Recently I wrote about my concern when dad’s assisted living facility ran out of his blood pressure medication in “I Must Be Doing Something Wrong” , “Dad’s Medications — Part 2” and “High Blood pressure — Dad’s and Mine“. I wrote that dad went at least 4 days without any blood pressure medication. In response to that post, I got a lot of valuable feedback, including Terry1954 who suggested I contact the ombuds person.
I waited a bit to deal with my own rising blood pressure and then I did contact our county Long Term Care ombuds person. She was very sympathetic to my concerns and felt that I should talk to the Assisted Living Facility manager. She knew the manager and thought she might not be aware of the problem. If I failed with the manager, I should contact the state health department and she gave me a telephone number for them as well.
Almost 2 weeks ago, I did go in and talk to the ALF manager. It appeared to me that she was very aware of the issue, but asked for a few days to get more information on exactly what happened. We agreed to talk again the following Thursday after she got more information. I wasn’t upset by this request as when I used to work in a hot seat type of job, I always wanted the complete outline of the problem before I had to respond to it.
When I went to see the manager the following Thursday, she was on her way out to a meeting and I was annoyed to be “blown off” like that. I made another appointment for the following Thursday, giving myself time for the visit from my brother and sister in the intervening days.
Thursday we had that meeting. The manager went over the details of what happened day by day. I asked for the protocol of ordering medications and what they do when the medications don’t arrive. She explained that the doctor (who sees residents right at the ALF) desires to have prescription renewal requests faxed to her. So, that is what the protocol specifies. If the resident has no medications on any day, again the protocol is to fax and notify the physician.
There were several errors in the process for my dad. First, the doctor did call in the prescription, but to their local pharmacy rather than to Medco, the only pharmacy covered by his insurance. Second, when it arrived from the local pharmacy with a different brand name than they expected, they sent it back. The manager accepted responsibility for that error.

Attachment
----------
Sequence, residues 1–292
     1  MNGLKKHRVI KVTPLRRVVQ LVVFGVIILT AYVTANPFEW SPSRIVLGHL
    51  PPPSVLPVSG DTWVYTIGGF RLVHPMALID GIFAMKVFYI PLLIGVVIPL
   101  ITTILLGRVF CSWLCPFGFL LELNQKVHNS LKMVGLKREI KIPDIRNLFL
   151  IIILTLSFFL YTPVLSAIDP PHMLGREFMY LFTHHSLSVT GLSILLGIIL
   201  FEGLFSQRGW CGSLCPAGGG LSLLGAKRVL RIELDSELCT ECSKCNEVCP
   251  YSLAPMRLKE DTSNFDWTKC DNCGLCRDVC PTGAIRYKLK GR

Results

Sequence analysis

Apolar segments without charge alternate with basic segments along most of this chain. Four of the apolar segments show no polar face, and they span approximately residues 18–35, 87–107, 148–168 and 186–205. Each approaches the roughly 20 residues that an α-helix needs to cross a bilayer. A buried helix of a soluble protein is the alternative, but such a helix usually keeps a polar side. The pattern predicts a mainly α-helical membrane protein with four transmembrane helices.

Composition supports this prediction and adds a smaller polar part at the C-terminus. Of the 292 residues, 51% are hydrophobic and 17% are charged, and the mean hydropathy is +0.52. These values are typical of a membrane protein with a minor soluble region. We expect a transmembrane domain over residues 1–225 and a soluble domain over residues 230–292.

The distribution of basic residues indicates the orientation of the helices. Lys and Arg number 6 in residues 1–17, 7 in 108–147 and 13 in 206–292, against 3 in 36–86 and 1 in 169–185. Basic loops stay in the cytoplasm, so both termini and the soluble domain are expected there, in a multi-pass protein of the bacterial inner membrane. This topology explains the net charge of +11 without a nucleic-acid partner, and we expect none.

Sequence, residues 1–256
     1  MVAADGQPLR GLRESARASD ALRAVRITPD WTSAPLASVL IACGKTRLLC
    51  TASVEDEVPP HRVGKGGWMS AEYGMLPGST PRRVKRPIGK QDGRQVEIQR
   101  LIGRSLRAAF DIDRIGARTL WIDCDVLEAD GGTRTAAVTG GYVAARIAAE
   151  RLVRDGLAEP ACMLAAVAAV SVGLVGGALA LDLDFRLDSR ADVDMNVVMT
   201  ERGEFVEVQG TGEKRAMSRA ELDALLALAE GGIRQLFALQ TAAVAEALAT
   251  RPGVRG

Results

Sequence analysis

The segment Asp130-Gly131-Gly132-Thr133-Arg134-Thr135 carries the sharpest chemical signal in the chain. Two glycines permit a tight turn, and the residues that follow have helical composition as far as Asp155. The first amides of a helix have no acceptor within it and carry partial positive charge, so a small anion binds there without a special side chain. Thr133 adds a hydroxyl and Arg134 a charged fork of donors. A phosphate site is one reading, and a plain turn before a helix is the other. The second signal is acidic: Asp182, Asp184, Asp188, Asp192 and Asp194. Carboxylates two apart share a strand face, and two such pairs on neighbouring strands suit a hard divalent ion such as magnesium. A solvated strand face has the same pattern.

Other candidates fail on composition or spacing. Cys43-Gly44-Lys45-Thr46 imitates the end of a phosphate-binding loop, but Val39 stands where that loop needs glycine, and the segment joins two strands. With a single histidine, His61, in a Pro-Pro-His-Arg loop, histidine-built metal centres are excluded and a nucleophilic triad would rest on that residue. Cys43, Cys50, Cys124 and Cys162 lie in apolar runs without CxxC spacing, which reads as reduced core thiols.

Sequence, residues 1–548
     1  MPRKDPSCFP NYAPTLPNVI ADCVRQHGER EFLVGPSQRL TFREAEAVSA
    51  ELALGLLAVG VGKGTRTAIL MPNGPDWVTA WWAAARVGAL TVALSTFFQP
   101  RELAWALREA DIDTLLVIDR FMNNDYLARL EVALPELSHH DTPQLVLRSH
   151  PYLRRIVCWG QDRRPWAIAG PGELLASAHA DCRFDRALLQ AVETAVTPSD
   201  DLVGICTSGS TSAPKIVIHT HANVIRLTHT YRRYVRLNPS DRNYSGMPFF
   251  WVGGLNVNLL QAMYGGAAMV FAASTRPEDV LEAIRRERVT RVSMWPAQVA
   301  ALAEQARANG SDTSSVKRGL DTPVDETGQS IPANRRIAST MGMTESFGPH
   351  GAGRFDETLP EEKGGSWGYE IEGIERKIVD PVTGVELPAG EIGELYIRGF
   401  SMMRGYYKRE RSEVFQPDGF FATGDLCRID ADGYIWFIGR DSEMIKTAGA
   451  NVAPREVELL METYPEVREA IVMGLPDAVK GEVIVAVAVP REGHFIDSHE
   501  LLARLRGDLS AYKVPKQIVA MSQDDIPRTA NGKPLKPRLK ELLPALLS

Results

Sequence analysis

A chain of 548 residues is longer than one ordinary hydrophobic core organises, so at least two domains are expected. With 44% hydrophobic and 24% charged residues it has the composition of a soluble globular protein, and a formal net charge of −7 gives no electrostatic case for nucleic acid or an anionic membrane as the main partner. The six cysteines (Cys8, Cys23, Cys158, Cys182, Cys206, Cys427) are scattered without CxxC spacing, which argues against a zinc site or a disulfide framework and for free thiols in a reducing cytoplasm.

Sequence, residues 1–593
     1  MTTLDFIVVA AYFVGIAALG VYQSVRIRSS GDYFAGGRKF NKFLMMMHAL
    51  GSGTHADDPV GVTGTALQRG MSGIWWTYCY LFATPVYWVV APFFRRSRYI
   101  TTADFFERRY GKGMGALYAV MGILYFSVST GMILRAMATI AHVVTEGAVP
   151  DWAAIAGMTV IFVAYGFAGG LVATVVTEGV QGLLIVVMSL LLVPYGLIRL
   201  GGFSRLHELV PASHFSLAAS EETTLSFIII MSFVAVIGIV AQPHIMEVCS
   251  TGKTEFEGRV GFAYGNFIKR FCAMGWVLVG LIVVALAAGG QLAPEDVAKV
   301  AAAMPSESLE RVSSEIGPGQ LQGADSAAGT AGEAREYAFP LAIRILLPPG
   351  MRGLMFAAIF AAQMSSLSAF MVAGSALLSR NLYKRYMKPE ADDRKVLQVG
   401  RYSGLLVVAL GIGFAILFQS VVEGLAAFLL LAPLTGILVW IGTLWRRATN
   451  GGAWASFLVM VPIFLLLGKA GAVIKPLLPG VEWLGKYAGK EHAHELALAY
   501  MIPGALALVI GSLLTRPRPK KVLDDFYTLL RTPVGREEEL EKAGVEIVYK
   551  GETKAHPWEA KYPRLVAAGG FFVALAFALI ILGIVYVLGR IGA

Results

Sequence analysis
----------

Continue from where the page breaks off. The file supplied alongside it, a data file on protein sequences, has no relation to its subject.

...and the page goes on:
However, they also sent several faxes to the doctor requesting a replacement prescription and the doctor did not respond to those faxes until dad had been out of medication for several days already. She felt the blame for that should go to the doctor. I said that while I agreed that they had followed the doctor’s desired protocol, there had been a breakdown in communication. For while they felt they were communicating with the doctor, no one was responding.
I felt there needed to be a way for them to follow up when the doctor doesn’t respond so that the resident doesn’t end up without his medications for so many days. In the end, she agreed that they would telephone me if they didn’t get a response from the doctor. Then I will follow up with the doctor as well, and I won’t just send a fax. I understand that they need to work with this physician regularly; I also want someone to be responsible for following up when things don’t go smoothly.
If this were a nursing home I would expect more because the nursing home has doctors and physician’s assistants right on their staff. I chose this ALF because it wasn’t too large, and I know this may limit how much they can do sometimes.
So, I ended up taking more responsibility for myself whereas I think the responsibility should be theirs. Nevertheless, the bottom line is that I don’t want dad to run out of his prescription medications. The manager didn’t think this would happen again as it had never happened before. Either way, I want them to know I am watching and I will pick up the process if it comes to a dead-end again.
I decided not to telephone the health department to file a report at this time. If it happens again, I probably will. It seems to me that the health department needs to hold the doctor’s office responsible as much as the ALF. But in the meantime, I will just stay involved in the entire process. It isn’t the ideal solution, but it looks like the best one I can get.